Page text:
Up the road though Nieve was enjoying the victory procession that came with being head and shoulders clear of everybody.  The Spaniard had survived the breakaway, attacked from a long way out and done everything right to take a fifth stage win for Mitchelton-Scott; on his birthday of all days.  2.17mins later Robert Gesink crossed the line for a courageous second place, with Felix Grosschartner third.  Froome’s group crossed the line just over 6 minutes behind Nieve, with Bennett conceding another 42 seconds as he finished in 14th place.  

Crucially for Bennett the final day drama in the GC meant that the Kiwi climbed a place from 9th to 8th on the eve of the final stage.  All that was required now was to survive the final stage and history would be made once again by Bennett.

Chris Froome took to the start in Rome on a pink Dogma, photo Sirotti

 

Bennett takes last hurrah as Froome claims Giro d’Italia

All that remained for the 150 remaining starters of the final stage was 115km of racing around Rome.  The final stage was a circuit race through the streets of Rome, and while not completely flat and slightly technical the race was expected to favour the sprinters one last time.  The circuit was 11.5km in length and the 10 laps would doubtless be tackled in a fast and furious manner.

But first was the matter of the final stage photos and champagne for the virtual race winner Chris Froome who was clad on his pink Dogma for the final stage.  Racing proceeded in a casual and leisurely manner for several kilometres with Team Sky making their way through the peloton to the head of the race.  With 7 laps to go the race was neutralised, guaranteeing that as long as Bennett finished he would take 8th place overall.

Miguel Angel Lopez took a hard fought win in the best young rider classification ahead of Richard Carapaz, photo Sirotti

It was with 7 laps to go that the first attacks went clear.  Two riders built a bit of an advantage in the form of Mads Würtz Schmidt of Katusha-Alpecin and Alexey Lutsenko of Astana.  The two had a brief advantage but Lutsenko was the strongest, and he would drop Schmidt and then be joined by Christopher Juul Jensen of Mitchelton-Scott and Eugert Zhupa of Wilier Triestina-Selle Italia.  Behind them Quick-Step Floors held the lead in the peloton.

At 70km to go the time gap to the front runners was at 44 seconds.  But the breakaway had swelled substantially from four riders to an impressive eighteen.  Quick-Step Floors knew that if they were going to win the stage for Viviani they had to work, and work hard.  A lot would come down to the cooperation within the breakaway as much as within the bunch.  But credit to Quick-Step Floors, they did their job well in pursuing the move and with 50km to go the gap had dropped as Chris Froome saw fit to drop back from the front and simply keep safe in the copny of his team; knowing his victory was all but complete.

No stage for him but the points classification went to Elia Viviani, photo Sirotti

At 40km to go the gap to the break was a little over 30 seconds but what was a big group of 18 was now just 2 as Chris Juul-Jensen and Katusha-Alpecin’s Viacheslav Kuznetsov pulled away from the rest and led through 3 laps to go.  All the while though the time gap was coming down as still the peloton were led by Quick-Step Floors.  Kuznetsov and Juul-Jensen held on valiantly until finally with 12.5km remaining the catch was made.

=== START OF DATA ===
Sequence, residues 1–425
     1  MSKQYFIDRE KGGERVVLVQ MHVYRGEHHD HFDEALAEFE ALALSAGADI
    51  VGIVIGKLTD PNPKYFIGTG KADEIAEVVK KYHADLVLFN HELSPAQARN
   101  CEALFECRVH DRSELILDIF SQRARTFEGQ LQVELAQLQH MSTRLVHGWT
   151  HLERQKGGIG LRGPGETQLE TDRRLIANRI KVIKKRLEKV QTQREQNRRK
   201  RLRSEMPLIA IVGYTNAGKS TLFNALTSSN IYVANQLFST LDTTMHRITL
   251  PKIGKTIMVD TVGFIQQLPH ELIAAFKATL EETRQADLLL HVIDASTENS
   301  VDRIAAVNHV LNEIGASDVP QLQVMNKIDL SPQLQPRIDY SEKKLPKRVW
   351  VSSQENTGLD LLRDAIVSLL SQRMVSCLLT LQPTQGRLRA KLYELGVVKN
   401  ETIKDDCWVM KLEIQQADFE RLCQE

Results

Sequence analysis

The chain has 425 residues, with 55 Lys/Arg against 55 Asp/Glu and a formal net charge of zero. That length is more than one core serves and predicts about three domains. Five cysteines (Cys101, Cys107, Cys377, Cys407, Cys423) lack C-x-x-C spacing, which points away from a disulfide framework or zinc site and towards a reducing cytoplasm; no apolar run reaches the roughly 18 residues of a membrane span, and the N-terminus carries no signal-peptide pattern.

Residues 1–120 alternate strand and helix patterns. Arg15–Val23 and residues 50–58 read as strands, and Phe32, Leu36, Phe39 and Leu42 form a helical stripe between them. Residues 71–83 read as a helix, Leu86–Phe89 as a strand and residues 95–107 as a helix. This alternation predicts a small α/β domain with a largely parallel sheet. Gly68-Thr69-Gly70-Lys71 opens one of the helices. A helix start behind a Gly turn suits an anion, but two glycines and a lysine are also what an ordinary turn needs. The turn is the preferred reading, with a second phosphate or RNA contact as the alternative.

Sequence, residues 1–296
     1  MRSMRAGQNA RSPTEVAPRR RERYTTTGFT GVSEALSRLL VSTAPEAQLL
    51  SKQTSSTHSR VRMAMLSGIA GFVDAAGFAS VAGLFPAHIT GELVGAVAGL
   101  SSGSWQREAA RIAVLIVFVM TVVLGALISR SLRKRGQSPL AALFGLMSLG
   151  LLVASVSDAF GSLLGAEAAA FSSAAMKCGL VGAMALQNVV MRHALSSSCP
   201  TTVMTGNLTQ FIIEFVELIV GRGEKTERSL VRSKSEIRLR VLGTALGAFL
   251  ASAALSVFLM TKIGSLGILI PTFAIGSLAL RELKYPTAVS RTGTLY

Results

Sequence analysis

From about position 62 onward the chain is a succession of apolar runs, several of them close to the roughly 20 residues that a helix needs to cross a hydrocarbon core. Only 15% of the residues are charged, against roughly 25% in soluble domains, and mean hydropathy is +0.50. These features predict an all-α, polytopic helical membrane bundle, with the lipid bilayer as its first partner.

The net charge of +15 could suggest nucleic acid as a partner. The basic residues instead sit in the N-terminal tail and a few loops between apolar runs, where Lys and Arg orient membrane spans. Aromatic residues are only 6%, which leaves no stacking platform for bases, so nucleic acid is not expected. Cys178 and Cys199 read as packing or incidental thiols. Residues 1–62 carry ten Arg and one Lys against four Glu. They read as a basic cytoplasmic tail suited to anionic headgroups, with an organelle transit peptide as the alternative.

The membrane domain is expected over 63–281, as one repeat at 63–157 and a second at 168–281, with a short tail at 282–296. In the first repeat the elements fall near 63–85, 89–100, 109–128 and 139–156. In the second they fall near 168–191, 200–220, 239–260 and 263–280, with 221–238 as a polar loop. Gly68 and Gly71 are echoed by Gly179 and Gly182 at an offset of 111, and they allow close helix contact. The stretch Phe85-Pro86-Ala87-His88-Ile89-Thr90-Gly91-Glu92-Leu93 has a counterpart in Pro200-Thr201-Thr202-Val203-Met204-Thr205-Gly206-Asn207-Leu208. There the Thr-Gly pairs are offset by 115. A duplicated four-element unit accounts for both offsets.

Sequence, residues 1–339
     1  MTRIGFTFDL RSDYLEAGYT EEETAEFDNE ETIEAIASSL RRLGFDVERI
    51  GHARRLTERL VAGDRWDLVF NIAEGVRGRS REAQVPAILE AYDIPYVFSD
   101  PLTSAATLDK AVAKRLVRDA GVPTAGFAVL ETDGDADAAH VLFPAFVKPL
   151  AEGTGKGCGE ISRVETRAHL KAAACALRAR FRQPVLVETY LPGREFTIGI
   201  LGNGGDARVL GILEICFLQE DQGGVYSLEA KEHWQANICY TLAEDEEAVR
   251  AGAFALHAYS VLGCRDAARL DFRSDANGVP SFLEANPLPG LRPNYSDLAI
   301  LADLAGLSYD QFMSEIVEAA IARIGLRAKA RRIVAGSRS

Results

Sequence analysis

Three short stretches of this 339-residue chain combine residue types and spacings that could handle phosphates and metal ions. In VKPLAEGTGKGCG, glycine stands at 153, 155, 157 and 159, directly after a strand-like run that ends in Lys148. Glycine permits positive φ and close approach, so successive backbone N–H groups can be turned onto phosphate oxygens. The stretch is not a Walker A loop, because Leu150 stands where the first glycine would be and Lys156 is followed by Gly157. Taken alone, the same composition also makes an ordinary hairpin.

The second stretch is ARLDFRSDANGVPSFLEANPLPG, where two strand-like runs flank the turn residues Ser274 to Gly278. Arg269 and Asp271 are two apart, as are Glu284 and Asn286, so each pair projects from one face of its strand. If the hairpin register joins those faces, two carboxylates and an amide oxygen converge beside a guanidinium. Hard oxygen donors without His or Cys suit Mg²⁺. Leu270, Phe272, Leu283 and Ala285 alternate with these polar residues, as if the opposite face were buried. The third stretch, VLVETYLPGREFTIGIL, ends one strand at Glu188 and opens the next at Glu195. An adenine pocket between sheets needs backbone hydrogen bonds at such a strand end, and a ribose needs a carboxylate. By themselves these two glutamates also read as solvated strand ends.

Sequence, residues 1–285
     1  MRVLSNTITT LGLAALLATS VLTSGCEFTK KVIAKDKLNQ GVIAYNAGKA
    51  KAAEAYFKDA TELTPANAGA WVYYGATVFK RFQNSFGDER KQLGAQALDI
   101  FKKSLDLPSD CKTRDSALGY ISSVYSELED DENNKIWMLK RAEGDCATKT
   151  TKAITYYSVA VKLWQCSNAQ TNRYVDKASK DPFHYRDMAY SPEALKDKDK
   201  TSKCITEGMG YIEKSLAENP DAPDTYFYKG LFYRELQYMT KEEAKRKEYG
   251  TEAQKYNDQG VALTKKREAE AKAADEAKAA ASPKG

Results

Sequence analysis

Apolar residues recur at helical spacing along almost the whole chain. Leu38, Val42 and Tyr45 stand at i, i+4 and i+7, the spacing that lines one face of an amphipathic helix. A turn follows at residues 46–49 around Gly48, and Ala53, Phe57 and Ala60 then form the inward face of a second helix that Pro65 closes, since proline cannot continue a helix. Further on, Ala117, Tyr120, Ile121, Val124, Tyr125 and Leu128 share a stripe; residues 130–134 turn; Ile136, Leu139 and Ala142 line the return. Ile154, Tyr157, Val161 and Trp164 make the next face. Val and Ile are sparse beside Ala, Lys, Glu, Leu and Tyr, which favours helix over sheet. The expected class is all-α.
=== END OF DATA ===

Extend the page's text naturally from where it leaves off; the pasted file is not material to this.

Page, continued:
Chris Froome and a number of the GC riders were enjoying simply getting through the stage and were now almost 9 minutes back from the peloton, but with the race neutralised it was of no consequence.  

Attacks off the front weren’t done yet though as a new move went clear as Tony Martin of Katusha-Alpecin, Ryan Mullen of Trek-Segafredo, Danny van Poppel of LottoNL-Jumbo and Florian Sénéchal of Quick-Step Floors escaped.  Matteo Cattaneo joined them but the time gap was just a 7 seconds with 6km to go; as BORA-Hansgrohe now took over on the front of the pack.

Eventually that break was done and Manuele Boaro of Bahrain-Merida joined the effort on the front and his surge in tempo saw the peloton pushing the pace at 60kph heading through 2km to go.  But just before 1km to go Zdenek Stybar led through Quick-Step Floors’ train and put Viviani in a commanding position for the final sprint.  Viviani sat 4th wheel and Bennett was right behind him.  Niccolo Bonifazio moved forward with Maciej Mohoric ahead of him quite early.  But finally Viviani hit for home with Sam Bennett darting from behind him to snatch the stage win and make it a hat-trick.  Viviani sat up just before the line with the Irishman already ahead, the Italian took second place, while Jean-Pierre Drucker of BMC Racing took third place ahead of Baptiste Planckaert of Katusha-Alpecin and Manuel Belletti of Androni-Sidermec-Bottecchia. 

Chris Froome also claimed the KOM classification, photo Sirotti

Mitchelton-Scott didn’t have a bad day in the saddle either as Sam Bewley crossed the line in 16th place just behind teammate Jack Haig.

With no change overall on the final day in the GC standings, Chris Froome took the Giro d’Italia title and became the third rider in history to hold all three grand tours at the same time, 46 seconds ahead of Tom Dumoulin with best young rider Miguel Angel Lopez third at 4.57mins.  Richard Carapaz and Domenico Pozzovivo completed the top five ahead of Pello Bilbao and Patrick Konrad, with George Bennett finishing 8th overall at 13.17mins; with Sam Oomen and Davide Formolo completing the top ten.

LEAVE A REPLY

Please enter your comment!
Please enter your name here